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Attending self-help groups

Taking care of yourself

"I have been to a self-help group for people with dementia several times. I really get something out of it. Sometimes I even get the feeling that I have helped someone. That makes me feel good." (Peggy)

"I didn’t know what to expect when I went to the first meeting for carers. I was relieved to find that there was another man there and we got talking straight away. It’s so good to talk to people who know what you are going through and who are willing to share their knowledge and experience." (Derek)

Most Alzheimer associations organise self-help groups for carers. Some also have groups for people with dementia. Attending such group meetings gives you the chance to meet other people who understand what you are going through. Many are in a similar situation as you or have already experienced some of the problems you are now having. You don’t have to confide any more than you want to but talking together may enable you to release some of your frustration and express your fears. People share information and give each other emotional support.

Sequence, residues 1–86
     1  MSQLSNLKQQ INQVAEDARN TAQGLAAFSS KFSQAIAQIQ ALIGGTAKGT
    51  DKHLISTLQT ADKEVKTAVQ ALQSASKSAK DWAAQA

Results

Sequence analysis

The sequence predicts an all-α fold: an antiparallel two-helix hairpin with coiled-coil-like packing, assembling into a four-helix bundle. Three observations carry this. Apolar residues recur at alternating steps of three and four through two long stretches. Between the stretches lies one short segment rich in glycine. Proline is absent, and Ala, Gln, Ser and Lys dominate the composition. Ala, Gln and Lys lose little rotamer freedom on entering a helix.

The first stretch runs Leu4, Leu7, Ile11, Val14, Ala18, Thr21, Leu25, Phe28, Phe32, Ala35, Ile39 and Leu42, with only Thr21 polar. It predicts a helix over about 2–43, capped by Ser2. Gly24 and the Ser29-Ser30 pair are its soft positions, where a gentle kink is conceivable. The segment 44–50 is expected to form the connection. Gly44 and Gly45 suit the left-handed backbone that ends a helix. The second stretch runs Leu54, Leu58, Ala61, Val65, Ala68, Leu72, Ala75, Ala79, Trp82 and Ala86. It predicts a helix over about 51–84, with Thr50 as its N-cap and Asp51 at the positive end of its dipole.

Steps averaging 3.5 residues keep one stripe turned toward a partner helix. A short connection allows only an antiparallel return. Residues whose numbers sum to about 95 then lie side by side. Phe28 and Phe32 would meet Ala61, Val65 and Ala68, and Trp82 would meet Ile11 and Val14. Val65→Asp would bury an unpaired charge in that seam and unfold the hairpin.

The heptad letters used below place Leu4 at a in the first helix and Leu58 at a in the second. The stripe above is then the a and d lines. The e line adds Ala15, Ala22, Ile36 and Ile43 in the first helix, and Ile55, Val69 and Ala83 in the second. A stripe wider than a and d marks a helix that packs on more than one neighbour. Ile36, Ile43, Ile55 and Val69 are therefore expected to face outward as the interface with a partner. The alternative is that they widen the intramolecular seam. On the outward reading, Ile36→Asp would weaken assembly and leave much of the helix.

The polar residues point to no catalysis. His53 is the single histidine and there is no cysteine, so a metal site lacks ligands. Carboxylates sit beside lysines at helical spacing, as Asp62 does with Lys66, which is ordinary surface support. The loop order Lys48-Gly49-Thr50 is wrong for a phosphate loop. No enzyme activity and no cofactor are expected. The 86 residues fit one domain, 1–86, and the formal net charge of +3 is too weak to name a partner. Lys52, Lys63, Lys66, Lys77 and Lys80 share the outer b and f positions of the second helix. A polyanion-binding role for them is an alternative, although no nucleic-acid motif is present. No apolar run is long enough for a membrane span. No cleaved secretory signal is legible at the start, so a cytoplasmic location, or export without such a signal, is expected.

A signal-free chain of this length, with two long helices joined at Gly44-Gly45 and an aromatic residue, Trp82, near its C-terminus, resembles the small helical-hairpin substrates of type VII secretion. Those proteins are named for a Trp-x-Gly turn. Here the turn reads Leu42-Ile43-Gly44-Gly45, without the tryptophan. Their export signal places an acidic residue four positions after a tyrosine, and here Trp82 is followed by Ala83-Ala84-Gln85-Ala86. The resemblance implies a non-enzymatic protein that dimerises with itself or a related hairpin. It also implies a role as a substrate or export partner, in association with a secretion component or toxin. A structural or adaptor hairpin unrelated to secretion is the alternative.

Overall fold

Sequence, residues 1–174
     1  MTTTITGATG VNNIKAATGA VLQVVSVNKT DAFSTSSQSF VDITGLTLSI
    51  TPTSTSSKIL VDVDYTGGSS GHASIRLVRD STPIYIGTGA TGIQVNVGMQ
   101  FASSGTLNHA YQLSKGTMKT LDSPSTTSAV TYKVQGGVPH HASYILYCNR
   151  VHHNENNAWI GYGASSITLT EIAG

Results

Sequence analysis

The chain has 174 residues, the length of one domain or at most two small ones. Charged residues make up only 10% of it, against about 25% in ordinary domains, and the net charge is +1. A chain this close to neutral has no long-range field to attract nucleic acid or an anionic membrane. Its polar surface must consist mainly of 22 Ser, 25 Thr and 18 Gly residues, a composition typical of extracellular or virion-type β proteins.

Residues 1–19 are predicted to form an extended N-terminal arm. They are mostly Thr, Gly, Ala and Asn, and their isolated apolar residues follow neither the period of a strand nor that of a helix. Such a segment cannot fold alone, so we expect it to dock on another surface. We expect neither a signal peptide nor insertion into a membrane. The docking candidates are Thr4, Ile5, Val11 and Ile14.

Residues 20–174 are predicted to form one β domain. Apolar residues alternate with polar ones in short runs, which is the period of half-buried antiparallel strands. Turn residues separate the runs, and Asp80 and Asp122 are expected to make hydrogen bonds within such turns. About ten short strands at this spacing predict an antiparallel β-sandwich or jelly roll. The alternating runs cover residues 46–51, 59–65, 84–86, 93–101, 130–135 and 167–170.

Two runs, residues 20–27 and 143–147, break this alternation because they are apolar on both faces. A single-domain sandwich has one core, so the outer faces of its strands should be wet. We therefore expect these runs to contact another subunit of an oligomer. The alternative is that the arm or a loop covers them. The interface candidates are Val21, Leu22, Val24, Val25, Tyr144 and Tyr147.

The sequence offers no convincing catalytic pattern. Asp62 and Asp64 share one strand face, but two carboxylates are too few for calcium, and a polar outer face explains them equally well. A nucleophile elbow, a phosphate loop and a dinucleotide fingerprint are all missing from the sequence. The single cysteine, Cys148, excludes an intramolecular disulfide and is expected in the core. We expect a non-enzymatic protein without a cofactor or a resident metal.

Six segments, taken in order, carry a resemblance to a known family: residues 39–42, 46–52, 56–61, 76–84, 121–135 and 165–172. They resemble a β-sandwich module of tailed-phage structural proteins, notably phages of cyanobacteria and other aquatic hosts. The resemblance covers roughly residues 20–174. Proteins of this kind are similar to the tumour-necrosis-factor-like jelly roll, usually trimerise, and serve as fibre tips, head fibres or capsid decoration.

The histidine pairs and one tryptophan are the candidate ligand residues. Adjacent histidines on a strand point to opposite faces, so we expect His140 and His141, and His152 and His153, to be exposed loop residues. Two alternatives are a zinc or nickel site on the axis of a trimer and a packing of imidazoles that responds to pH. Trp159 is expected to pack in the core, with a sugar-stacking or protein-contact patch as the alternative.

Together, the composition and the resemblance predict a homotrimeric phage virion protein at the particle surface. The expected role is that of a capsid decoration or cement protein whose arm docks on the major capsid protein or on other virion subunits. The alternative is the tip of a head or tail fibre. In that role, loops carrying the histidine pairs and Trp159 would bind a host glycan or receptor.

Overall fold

Sometimes, it might be more important for you to have information whereas at other times, you might benefit most from venting your feelings. Meetings can also provide an opportunity simply to socialise for those who want it. (Self-help groups usually have rules including a confidentiality clause so you don’t need to worry about anything you say being repeated outside the confines of the meeting.)

The mere fact of getting out and meeting different people can give you a break. If you feel uneasy about going alone, take a friend with you the first time. You can find the contact details of your nearest Alzheimer association in Annex 2.

 

 
 

Last Updated: Friday 11 September 2009

 

 
 

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